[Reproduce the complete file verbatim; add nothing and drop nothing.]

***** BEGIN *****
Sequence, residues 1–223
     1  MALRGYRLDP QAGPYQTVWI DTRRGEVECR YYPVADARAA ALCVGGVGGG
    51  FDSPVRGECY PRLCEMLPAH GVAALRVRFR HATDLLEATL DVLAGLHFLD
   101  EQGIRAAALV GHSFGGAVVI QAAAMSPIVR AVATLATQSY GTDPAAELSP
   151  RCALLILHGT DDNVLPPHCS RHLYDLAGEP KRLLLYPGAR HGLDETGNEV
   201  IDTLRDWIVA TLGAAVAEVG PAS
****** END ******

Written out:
Sequence, residues 1–223
     1  MALRGYRLDP QAGPYQTVWI DTRRGEVECR YYPVADARAA ALCVGGVGGG
    51  FDSPVRGECY PRLCEMLPAH GVAALRVRFR HATDLLEATL DVLAGLHFLD
   101  EQGIRAAALV GHSFGGAVVI QAAAMSPIVR AVATLATQSY GTDPAAELSP
   151  RCALLILHGT DDNVLPPHCS RHLYDLAGEP KRLLLYPGAR HGLDETGNEV
   201  IDTLRDWIVA TLGAAVAEVG PAS